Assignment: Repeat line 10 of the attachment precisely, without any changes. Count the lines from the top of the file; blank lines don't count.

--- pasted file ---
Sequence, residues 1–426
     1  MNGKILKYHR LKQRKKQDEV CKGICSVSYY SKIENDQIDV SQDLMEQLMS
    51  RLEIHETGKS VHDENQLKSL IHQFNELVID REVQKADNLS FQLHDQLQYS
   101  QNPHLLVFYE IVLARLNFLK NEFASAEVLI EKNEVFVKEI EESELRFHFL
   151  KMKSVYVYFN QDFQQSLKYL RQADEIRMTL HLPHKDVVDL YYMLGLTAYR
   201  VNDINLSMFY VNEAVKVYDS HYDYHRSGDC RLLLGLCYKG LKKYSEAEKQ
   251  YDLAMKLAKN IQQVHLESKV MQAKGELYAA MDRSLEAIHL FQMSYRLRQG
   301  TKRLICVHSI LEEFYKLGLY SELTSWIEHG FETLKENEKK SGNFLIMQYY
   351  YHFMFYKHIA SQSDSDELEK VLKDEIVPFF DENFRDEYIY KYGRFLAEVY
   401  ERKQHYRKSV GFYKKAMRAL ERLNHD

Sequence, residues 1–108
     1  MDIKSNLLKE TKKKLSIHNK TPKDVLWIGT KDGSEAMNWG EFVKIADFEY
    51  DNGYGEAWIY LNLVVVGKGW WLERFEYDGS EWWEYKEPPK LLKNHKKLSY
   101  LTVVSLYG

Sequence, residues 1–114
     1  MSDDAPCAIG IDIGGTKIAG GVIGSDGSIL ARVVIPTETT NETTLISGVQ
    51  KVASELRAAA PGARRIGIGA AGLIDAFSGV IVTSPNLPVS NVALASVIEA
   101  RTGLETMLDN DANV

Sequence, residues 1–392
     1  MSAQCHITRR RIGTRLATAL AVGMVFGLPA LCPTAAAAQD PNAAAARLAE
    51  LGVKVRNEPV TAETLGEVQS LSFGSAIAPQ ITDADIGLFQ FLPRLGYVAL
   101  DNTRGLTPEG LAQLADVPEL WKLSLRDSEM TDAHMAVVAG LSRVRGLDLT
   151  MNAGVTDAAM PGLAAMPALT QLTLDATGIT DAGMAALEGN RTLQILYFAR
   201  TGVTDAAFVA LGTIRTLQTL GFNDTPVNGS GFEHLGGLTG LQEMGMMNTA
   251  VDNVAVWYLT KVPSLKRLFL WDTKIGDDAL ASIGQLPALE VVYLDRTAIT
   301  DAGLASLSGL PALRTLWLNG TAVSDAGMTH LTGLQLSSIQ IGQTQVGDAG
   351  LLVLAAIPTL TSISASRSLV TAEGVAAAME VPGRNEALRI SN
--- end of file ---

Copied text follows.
   401  ERKQHYRKSV GFYKKAMRAL ERLNHD